Zimbabwe

Zimbabwe: Harare urban vulnerability assessment

SUMMARY

In May-June 2001 FEWS Net, with support from its implementing partner, the Food Economy Group (F.E.G.), and in close collaboration with the Consumer Council of Zimbabwe, conducted an assessment of urban vulnerability in greater Harare. The purpose of the exercise was twofold: 1) to conduct a rapid baseline assessment of urban livelihoods, focusing on household patterns of expenditure, and sources of food and income, and, based on this, 2) to develop a practical monitoring system that provides an early indication of declining access to food and essential cash income.

The poorest households in May 2001 were those earning less than Z$4,0001 per month. These households for the most part had only one income source, either because there was only one able-bodied person of working age in the household, or because of a lack of capital to start up an informal sector activity. Some households in this group include formal sector workers at the lowest salary levels. Others include one household member who is engaged in an informal sector activity such as small-scale vending. A particular problem for those households active in the informal sector is that incomes are irregular and vary daily.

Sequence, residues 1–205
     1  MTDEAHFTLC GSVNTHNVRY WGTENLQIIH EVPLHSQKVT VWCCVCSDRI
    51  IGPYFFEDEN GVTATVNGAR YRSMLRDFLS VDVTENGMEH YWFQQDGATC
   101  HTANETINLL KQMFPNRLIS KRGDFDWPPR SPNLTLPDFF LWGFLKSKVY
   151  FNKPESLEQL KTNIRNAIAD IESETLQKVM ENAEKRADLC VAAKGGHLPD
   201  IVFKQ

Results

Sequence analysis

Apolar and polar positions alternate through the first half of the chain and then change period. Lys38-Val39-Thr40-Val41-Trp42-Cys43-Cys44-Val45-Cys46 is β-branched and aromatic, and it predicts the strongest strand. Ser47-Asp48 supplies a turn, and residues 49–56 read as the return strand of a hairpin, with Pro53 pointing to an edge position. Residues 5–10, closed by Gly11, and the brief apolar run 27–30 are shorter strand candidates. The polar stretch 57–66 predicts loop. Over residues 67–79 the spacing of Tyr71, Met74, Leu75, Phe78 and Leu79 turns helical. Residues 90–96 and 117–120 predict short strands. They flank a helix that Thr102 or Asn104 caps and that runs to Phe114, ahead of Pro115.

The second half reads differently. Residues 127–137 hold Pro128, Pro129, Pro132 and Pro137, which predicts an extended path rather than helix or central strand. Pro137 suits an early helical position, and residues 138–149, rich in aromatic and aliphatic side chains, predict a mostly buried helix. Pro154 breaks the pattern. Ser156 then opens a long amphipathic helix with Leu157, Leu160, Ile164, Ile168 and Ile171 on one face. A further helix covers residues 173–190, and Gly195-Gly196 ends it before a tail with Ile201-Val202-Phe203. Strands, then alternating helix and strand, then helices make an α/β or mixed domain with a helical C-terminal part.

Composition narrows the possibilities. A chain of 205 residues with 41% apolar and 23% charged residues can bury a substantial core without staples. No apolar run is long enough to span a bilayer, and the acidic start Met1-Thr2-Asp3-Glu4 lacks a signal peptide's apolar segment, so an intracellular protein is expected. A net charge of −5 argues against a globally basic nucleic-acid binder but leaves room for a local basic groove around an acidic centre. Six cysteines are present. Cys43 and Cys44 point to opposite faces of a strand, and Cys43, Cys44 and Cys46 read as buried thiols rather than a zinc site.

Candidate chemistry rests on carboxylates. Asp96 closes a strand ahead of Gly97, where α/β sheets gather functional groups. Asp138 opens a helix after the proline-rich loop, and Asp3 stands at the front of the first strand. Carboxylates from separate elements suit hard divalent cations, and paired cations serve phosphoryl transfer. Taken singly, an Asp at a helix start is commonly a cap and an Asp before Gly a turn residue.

At the next income level (Z$4,000 - 8,000), households have one slightly higher formal sector income source (usually from the same categories as the bottom group: factory workers, security guards, shop assistants, etc), sometimes combined with a second income from small-scale vending. Many of the informal sector home industries (small tuck shops, carpenters, welders, hair salons and the like) and some vendors also fall into this income range. At the higher income levels (Z$8-15,000, Z$15-50,000, >Z$50000), income is obtained from a variety of sources: private and public sector employees have regular salaries; and businesses of various types (both formal and informal) provide incomes to their owners.

The standard of living of the poorest households is low, and they are forced to largely do without a variety of commodities that are considered to be basic by households that are better off. These include milk, bread, meat, kapenta2, chicken, rice, margarine, bathing soap, and body lotion. In addition, these households repeatedly stated that they cannot afford health care or transport. Often they are in debt on their water and electricity bills, paying just what they have to pay to avoid being cut off. Items that are considered to be essential by these households include maize grain, sugar, cooking oil, green vegetables, salt, milling costs, washing soap, vaseline, schooling, accommodation, and second-hand clothes.

There is little variation in the diet of the poorest households. They often have only two meals per day and most of their calories come from maize grain, with a small amount from cooking oil, sugar, and, occasionally, dried fish. Vegetables are purchased and add value on the nutritional side, but not very much on the calorie side. At the higher end of the income scale, households can afford a much richer diet, purchasing milk, meat, kapenta, margarine and various other high calorie foods. Absolute expenditure on transport, accommodation, clothing and education also increases as households become richer, as does flexibility to purchase non-essential items.